Comparison, in cents, of intervals at or near a major second
Comparison, in cents, of intervals at or near a major second

Some equal temperaments also produce major seconds of two different sizes, called greater and lesser tones (or major and minor tones). For instance, this is true for 15-ET, 22-ET, 34-ET, 41-ET, 53-ET, and 72-ET. Conversely, in twelve-tone equal temperament, Pythagorean tuning, and meantone temperament (including 19-ET and 31-ET) all major seconds have the same size, so there cannot be a distinction between a greater and a lesser tone.

In any system where there is only one size of major second, the terms greater and lesser tone (or major and minor tone) are rarely used with a different meaning. Namely, they are used to indicate the two distinct kinds of whole tone, more commonly and more appropriately called major second (M2) and diminished third (d3). Similarly, major semitones and minor semitones are more often and more appropriately referred to as minor seconds (m2) and augmented unisons (A1), or diatonic and chromatic semitones.

Unlike almost all uses of the terms major and minor, these intervals span the same number of semitones. They both span 2 semitones, while, for example, a major third (4 semitones) and minor third (3 semitones) differ by one semitone. Thus, to avoid ambiguity, it is preferable to call them greater tone and lesser tone (see also greater and lesser diesis).

Two major tones equal a ditone.


Diagram showing relations between epogdoon, diatessaron, diapente, and diapason
Detail of Raphael's School of Athens showing Pythagoras with epogdoon diagram
Detail of Raphael's School of Athens showing Pythagoras with epogdoon diagram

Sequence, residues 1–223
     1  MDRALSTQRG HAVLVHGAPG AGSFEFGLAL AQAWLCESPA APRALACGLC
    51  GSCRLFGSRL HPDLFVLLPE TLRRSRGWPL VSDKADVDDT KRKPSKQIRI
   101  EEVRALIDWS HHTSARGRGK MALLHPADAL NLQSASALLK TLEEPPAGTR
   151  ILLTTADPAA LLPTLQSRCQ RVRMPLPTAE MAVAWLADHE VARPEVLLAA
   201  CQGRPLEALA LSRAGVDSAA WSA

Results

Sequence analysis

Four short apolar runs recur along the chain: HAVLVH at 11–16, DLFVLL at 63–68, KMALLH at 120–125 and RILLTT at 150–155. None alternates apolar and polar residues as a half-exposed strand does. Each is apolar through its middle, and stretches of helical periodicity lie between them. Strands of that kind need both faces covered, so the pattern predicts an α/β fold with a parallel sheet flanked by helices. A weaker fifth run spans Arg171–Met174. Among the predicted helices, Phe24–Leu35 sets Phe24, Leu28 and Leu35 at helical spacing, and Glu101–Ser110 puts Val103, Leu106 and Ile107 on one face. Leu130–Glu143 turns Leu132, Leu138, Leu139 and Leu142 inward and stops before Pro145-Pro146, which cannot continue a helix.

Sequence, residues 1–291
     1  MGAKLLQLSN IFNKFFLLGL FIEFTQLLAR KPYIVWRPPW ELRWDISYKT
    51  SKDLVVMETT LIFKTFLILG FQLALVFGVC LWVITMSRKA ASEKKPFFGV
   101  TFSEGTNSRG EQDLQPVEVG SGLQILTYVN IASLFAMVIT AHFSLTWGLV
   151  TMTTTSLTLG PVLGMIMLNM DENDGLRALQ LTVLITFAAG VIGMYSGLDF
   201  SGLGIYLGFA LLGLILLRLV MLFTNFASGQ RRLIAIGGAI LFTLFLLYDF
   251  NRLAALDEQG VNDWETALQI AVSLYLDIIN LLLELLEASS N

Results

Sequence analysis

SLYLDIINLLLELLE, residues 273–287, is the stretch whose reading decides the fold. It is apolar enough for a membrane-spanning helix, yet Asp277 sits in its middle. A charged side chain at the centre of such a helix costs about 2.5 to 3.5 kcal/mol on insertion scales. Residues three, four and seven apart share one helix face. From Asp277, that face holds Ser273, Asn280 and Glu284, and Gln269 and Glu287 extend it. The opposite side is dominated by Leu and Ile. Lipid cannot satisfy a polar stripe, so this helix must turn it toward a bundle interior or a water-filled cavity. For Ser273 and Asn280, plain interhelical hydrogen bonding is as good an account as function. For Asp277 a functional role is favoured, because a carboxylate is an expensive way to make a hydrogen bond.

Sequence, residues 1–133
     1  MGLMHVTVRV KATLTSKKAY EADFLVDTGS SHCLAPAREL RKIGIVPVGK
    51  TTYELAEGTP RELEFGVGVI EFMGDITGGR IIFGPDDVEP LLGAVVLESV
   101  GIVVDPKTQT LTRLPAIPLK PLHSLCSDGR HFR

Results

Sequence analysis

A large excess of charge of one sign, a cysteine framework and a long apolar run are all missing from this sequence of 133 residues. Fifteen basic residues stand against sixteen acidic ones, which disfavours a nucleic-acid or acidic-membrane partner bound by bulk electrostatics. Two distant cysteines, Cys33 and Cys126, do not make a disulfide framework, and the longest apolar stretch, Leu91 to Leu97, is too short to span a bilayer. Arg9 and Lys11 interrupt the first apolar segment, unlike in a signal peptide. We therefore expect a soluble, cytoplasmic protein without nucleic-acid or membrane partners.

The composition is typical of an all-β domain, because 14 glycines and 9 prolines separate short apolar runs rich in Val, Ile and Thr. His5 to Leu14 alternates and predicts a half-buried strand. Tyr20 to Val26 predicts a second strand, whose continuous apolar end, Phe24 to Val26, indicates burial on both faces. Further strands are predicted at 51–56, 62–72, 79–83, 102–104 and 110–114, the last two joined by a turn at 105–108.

In Pythagorean music theory, the epogdoon (Ancient Greek: ἐπόγδοον) is the interval with the ratio 9 to 8. The word is composed of the prefix epi- meaning "on top of" and ogdoon meaning "one eighth"; so it means "one eighth in addition". For example, the natural numbers are 8 and 9 in this relation (8+(×8)=9).

According to Plutarch, the Pythagoreans hated the number 17 because it separates the 16 from its Epogdoon 18.[14]

"[Epogdoos] is the 9:8 ratio that corresponds to the tone, [hêmiolios] is the 3:2 ratio that is associated with the musical fifth, and [epitritos] is the 4:3 ratio associated with the musical fourth. It is common to translate epogdoos as 'tone' [major second]."[15]

Further reading

  • Barker, Andrew (2007). The Science of Harmonics in Classical Greece. Cambridge University Press. ISBN 9780521879514.
  • Plutarch (2005). Moralia. Translated by Frank Cole Babbitt. Kessinger Publishing. ISBN 9781417905003.

See also


  1. ^ a b c d e Duffin, Ross W. (2008). How equal temperament ruined harmony : (and why you should care) (First published as a Norton paperback. ed.). New York: W. W. Norton. p. 163. ISBN 978-0-393-33420-3. Retrieved 28 June 2017.
  2. ^ Benward, Bruce & Saker, Marilyn (2003). Music: In Theory and Practice, Vol. I, p.52. Seventh Edition. ISBN 978-0-07-294262-0.
  3. ^ "Whole step – Definition and More from the Free Merriam-Webster Dictionary". Retrieved 2015-02-25.
  4. ^ "Oxford Dictionaries – Dictionary, Thesaurus, & Grammar". 2015-02-11. Retrieved 2015-02-25.
  5. ^ "Whole step | Define Whole step at". Retrieved 2015-02-25.
  6. ^ "Whole tone | Define Whole tone at". Retrieved 2015-02-25.
  7. ^ Miller, Michael (2005). The Complete Idiot's Guide to Music Theory – Michael Miller – Google Books. ISBN 9781592574377. Retrieved 2015-02-25.
  8. ^ Pilhofer, Michael; Day, Holly (2011-02-25). Music Theory For Dummies – Michael Pilhofer, Holly Day – Google Books. ISBN 9781118054444. Retrieved 2015-02-25.
  9. ^ Leta E. Miller, Fredric Lieberman (2006). Lou Harrison, p.72. ISBN 0-252-03120-2.
  10. ^ Leta E. Miller, ed. (1988). Lou Harrison: Selected keyboard and chamber music, 1937–1994, p.xliii. ISBN 978-0-89579-414-7.
  11. ^ a b Royal Society (Great Britain) (1880, digitized Feb 26, 2008). Proceedings of the Royal Society of London, Volume 30, p.531. Harvard University.
  12. ^ a b Paul, Oscar (1885)[page needed]
  13. ^ Paul, Oscar (2010-05-25). "A Manual of Harmony for Use in Music-schools and Seminaries and for Self ... – Oscar Paul – Google Books". Retrieved 2015-02-25.[page needed]
  14. ^ "Plutarch • Isis and Osiris (Part 3 of 5)". Retrieved 2015-02-25.
  15. ^ "Proclus : Commentary on Plato's Timaeus". Retrieved 25 February 2015.
This page was last edited on 28 August 2021, at 21:44
Basis of this page is in Wikipedia. Text is available under the CC BY-SA 3.0 Unported License. Non-text media are available under their specified licenses. Wikipedia® is a registered trademark of the Wikimedia Foundation, Inc. WIKI 2 is an independent company and has no affiliation with Wikimedia Foundation.